In addition to finding what I thought to be irrefutable arguments against my beliefs, I was starting to make huge strides in my life with the help of eastern philosophy. My whole life, especially in high school and college, I have struggled with social anxiety. While Christian ideas have only allowed me to make very limited progress in overcoming it, eastern philosophies and meditation has helped me nearly overcome it nearly completely in a short period of time. In addition, I was feeling more peaceful, accepting and calm. I started to realize that there was wisdom outside of Christianity which further made me question the absolute truth of it and that I did not need Christianity to cope with life.
I started to realize that there was wisdom outside of Christianity which further made me question the absolute truth of it and that I did not need Christianity to cope with life.I this point, I decided to distance myself from Christianity to give myself some space to be more objective and also to see how it effected me spiritually. If Christianity was my girlfriend, I was taking a break from the relationship. I stopped going to bible study then stopped reading the scriptures, then stopped going to church every week. As I was doing this, I monitored my spiritual health to make sure I was not descending into moral depravity which is what many Christians claim happens when you walk away. What I discovered was surprising to me: Not only was I not killing and pillaging, I was noticeably happier. It was time to break up with Christianity.
I wish I could say the break up was easy but it was not. At times, I would miss the Christian community. At one point, I started going to church again rationalizing that no belief system was perfect. However, I just couldn’t do it. The hymns and rituals seemed so foreign to me. I realized I was a different person now and was no longer in love with Christianity. The spell was finally broken to borrow a Daniel C. Dennet analogy.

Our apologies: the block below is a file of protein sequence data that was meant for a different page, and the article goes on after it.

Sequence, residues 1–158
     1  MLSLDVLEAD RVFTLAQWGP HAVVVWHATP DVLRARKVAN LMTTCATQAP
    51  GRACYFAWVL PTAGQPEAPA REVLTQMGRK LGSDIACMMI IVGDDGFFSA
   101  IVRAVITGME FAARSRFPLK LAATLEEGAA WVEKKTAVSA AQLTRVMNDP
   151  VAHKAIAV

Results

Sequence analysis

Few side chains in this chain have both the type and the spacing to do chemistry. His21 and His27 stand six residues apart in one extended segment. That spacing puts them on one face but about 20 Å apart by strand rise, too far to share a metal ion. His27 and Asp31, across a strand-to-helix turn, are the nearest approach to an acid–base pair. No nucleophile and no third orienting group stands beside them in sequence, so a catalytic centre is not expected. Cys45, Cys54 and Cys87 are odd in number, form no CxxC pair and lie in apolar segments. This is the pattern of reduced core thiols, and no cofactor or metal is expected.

Other complicating factors made the break difficult as well. My roommate is an outspoken devout youth minister, I rent my place from my old church, and I live in Lancaster County which is one of the most Christian counties in the nation. I read somewhere that there are more churches in Lancaster county then in New York City which has sixteen times the population. I find this place oppressively Christian. It seems like everyone here is a Christian and all anyone wants to talk about is God and Jesus. Jesus Jesus Jesus God Jesus Jesus all the time. Sometimes, it drives me crazy, but I have learned to deal. On the bright side, I have become well versed in atheist apologetics and can really hold my own in a debate.
While I no longer consider myself a Christian, I still have respect for this belief system. Humility, other-centeredness, serving others, the emphasis on love, etc. are good teachings that have profoundly affected my life. Most of my friends are Christian. I am still friends with ex-girlfriend Christianity and we hang sometimes and it is cool. However, I’m pretty sure I will never date her again..
Walking away from Christianity has been one of the hardest decisions I ever had to make. I lived and breathed Christianity for 16 years of my life. However, I think it was the right decision for me. Whether it is the right decision for everyone god only knows ;)